Simulation software will transform the way doctors work.
In manufacturing, we use 3D modeling and simulation to design and engineer automobiles and airplanes in an effort to streamline—and take risk out of—the process through production. The concept of the “digital twin” is even inching into life sciences industries as we seek ways to create quality medical devices and medicines that we can analyze and maintain in a proactive manner. Wouldn’t it be great if we could take that technology and apply it to the human body, too? Now, thanks to Dassault Systemes, we can.
Dassault is applying its technology to the human heart. Called the Living Heart Project, the software company, in collaboration with medical researchers, practitioners, device manufacturers and industry regulators, has created a simulator that helps doctors understand how the body works in an effort to decide the best treatment for each patient.
Images from a CT scan or MRI are used to create a 3D computational model that can understand the equations of flow and mechanics, thereby determining where a stress may be on a vessel, for example, enabling physicians to investigate the possible cause of a heart attack.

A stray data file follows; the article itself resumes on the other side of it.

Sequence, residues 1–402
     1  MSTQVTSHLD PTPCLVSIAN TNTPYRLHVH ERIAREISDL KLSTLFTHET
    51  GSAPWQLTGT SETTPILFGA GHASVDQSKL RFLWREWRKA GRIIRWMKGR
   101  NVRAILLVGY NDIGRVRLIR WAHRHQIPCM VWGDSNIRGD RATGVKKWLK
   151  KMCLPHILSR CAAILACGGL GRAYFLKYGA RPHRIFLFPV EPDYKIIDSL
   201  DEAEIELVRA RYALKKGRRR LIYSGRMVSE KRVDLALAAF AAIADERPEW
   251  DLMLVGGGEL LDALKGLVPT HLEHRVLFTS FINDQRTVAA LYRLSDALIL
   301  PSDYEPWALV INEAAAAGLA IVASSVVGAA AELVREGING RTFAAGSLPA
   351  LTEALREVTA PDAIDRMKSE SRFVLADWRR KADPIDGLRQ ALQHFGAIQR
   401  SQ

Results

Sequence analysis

“The biggest challenge cardiologists have is understanding the individual patient,” said Steve Levine, Dassault’s director of the Living Heart Project. “The technology we have today often provides an indication of what the problem is, but not a direct analysis of what the problem is. It is difficult, expensive and sometimes invasive to really see what’s going on. What we think we can do is take a simulation of that exact heart by taking our understanding of the physics of the heart and providing that in full 3D to the cardiologist to get a true representation of what is happening.”
It is an immersive 3D environment in which Dassault has created two scenarios, including a virtual operating room where doctors can investigate surgical procedures, and a second scenario that includes a deep dive investigation into the heart itself.
While the focus is currently on modeling the heart—because cardiovascular disease is the number one killer of people worldwide—the model will expand to other organs until eventually the entire body will be simulated.
This is the future of personalized medicine—happening right now.